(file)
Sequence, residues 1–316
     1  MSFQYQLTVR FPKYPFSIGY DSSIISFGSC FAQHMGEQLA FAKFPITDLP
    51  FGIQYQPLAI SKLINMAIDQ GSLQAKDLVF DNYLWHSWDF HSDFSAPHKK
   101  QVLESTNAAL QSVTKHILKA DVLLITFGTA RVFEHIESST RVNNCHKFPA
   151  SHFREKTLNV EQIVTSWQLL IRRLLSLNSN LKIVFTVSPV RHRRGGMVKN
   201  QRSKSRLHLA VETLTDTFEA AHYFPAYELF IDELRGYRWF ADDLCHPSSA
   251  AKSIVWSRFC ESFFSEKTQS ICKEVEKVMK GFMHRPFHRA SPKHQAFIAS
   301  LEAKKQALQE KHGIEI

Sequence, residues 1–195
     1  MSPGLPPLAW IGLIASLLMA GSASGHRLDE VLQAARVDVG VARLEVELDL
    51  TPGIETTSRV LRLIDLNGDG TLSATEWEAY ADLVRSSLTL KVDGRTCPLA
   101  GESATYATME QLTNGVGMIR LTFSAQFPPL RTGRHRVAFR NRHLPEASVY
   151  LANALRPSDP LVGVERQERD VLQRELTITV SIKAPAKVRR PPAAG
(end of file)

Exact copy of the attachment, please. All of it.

Sequence, residues 1–316
     1  MSFQYQLTVR FPKYPFSIGY DSSIISFGSC FAQHMGEQLA FAKFPITDLP
    51  FGIQYQPLAI SKLINMAIDQ GSLQAKDLVF DNYLWHSWDF HSDFSAPHKK
   101  QVLESTNAAL QSVTKHILKA DVLLITFGTA RVFEHIESST RVNNCHKFPA
   151  SHFREKTLNV EQIVTSWQLL IRRLLSLNSN LKIVFTVSPV RHRRGGMVKN
   201  QRSKSRLHLA VETLTDTFEA AHYFPAYELF IDELRGYRWF ADDLCHPSSA
   251  AKSIVWSRFC ESFFSEKTQS ICKEVEKVMK GFMHRPFHRA SPKHQAFIAS
   301  LEAKKQALQE KHGIEI

Sequence, residues 1–195
     1  MSPGLPPLAW IGLIASLLMA GSASGHRLDE VLQAARVDVG VARLEVELDL
    51  TPGIETTSRV LRLIDLNGDG TLSATEWEAY ADLVRSSLTL KVDGRTCPLA
   101  GESATYATME QLTNGVGMIR LTFSAQFPPL RTGRHRVAFR NRHLPEASVY
   151  LANALRPSDP LVGVERQERD VLQRELTITV SIKAPAKVRR PPAAG